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Privacy Concerns Decline as Patients Acclimate to Electronic Health Record Systems

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Dr. Jessica Ancker

Patients whose doctors use electronic health record systems are increasingly confident that their health information will remain private and secure, Weill Cornell Medical College researchers found in a new longitudinal study, published Oct. 5 in the American Journal of Managed Care.

While electronic health record systems have been around since the early 2000s, they became more prevalent when the federal government began offering providers incentives to adopt the technology in 2009. To measure consumers' perspectives on electronic health records, the researchers collected data through a random-digit-dial national telephone survey that polled about 1,000 people a year between 2011 and 2013. Some 41 percent of respondents were worried that electronic health records would lessen the privacy and security of personal health data in 2013, compared to 47.5 percent in 2011.

"Electronic health records, which were adopted really quickly and are now used in more than 96 percent of doctor's offices, have made a huge difference in the way that medical care is delivered. This study shows us that patients have noticed this change and have become more comfortable with the technology," said lead investigator Dr. Jessica Ancker, an associate professor of healthcare policy and research at Weill Cornell Medical College.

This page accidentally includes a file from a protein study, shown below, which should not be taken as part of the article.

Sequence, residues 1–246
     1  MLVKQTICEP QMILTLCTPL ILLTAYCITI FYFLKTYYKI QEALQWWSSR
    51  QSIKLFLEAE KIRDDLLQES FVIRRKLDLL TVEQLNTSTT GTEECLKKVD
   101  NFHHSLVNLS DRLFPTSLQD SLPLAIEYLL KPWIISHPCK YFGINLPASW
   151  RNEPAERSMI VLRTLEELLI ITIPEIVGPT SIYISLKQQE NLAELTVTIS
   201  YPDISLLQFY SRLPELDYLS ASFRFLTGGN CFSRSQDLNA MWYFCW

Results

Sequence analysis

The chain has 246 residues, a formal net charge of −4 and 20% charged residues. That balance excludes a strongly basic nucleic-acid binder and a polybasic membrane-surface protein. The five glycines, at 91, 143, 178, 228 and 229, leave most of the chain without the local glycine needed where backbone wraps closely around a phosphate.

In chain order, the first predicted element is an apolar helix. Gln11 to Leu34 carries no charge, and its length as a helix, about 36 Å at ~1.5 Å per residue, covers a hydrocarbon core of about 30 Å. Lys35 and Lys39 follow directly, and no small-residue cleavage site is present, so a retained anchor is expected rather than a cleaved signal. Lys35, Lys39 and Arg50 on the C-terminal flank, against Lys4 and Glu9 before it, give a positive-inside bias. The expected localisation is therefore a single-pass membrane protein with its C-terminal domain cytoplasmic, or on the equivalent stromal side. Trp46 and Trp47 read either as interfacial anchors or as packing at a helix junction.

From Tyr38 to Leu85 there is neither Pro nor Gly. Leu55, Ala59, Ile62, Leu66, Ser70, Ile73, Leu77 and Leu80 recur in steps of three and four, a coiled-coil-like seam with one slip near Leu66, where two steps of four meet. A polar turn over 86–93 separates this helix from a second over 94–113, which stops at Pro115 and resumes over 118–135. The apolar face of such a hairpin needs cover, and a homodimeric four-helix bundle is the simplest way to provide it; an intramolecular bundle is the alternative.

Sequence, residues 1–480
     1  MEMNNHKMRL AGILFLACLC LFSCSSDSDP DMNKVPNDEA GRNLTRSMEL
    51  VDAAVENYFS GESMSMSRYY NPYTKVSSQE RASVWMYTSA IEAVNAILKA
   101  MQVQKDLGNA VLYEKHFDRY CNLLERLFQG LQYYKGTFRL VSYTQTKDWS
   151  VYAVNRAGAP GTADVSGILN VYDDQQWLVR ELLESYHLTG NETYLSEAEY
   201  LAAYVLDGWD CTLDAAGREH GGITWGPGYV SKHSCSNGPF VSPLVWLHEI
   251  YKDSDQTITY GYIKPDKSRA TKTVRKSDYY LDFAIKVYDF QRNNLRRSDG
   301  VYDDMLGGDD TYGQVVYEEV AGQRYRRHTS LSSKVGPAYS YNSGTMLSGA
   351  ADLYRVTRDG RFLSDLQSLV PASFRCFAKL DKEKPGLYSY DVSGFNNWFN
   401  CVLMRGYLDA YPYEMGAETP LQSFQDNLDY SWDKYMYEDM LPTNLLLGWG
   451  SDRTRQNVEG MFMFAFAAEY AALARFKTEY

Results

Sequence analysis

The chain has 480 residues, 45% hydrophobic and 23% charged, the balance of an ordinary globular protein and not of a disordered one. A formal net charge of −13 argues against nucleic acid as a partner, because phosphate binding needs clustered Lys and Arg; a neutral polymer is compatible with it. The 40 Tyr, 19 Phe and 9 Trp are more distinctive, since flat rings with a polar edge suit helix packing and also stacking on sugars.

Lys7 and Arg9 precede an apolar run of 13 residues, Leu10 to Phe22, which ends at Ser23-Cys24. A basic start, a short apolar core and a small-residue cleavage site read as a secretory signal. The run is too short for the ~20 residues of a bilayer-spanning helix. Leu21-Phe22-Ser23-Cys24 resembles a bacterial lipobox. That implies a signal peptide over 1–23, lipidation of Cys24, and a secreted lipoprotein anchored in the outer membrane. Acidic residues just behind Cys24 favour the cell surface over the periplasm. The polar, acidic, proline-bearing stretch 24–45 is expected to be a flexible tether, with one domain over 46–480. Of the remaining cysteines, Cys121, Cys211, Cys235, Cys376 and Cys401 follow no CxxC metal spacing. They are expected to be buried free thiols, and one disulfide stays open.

While the 6 percent decrease is a good start, Dr. Ancker continued, the study also demonstrates that, through improved security and education, more work has to be done to sufficiently address patients' worries. "New things make people anxious," she said.

Dr. Rainu Kaushal
Photo credit: John Abbott

The data also shows that there is a need to better educate patients about how electronic records work, as well as how they can improve the patients' healthcare. Depending on the year, between 15 and 21 percent of those surveyed didn't know whether or not their doctor was using electronic medical records. And the investigators noticed a slight decrease in the number of people believing that electronic records would improve medical care — 61.5 percent in 2013, down from 64 percent in 2011. These findings underscore the need to educate patients on how the technology can give them easy access to their health information, which might help them better manage their own care.

"This work is so important because it looks at the public's views of electronic health records immediately after a federal-level policy change led to a huge increase in their use," said senior investigator Dr. Rainu Kaushal, chair of the Department of Healthcare Policy and Research and the Frances and John L. Loeb Professor of Medical Informatics at Weill Cornell Medical College. "This study not only focuses on the patient, but also tracks their perceptions over time. The results show that while people have become more comfortable with this technology, there's still more work to be done."

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